This paper studies the impact of the timing of early-life investment policies on child and maternal health. We exploit variation induced by a nurse strike in Denmark, that resulted in a large-scale cancellation of home visits for families with infants. Combining unique nurse records with administrative data, we show that missing the early but not later visits increases subsequent child and mother contacts to health professionals. We show that likely mechanisms for these results include nurses’ focus on timely maternal mental health screening and information provision to new families.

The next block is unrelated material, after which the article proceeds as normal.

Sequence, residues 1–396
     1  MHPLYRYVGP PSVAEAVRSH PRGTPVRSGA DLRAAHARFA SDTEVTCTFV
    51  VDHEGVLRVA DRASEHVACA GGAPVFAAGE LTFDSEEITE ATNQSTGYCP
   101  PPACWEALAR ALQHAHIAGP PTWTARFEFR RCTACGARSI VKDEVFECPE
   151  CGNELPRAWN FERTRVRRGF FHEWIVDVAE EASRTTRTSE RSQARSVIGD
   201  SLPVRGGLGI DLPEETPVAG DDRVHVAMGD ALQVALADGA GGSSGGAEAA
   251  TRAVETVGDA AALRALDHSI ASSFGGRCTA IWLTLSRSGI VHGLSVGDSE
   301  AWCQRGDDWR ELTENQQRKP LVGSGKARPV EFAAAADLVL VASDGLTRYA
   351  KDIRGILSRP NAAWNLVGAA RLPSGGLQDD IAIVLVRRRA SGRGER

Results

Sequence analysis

About this publication
Published inThe Journal of Human Resources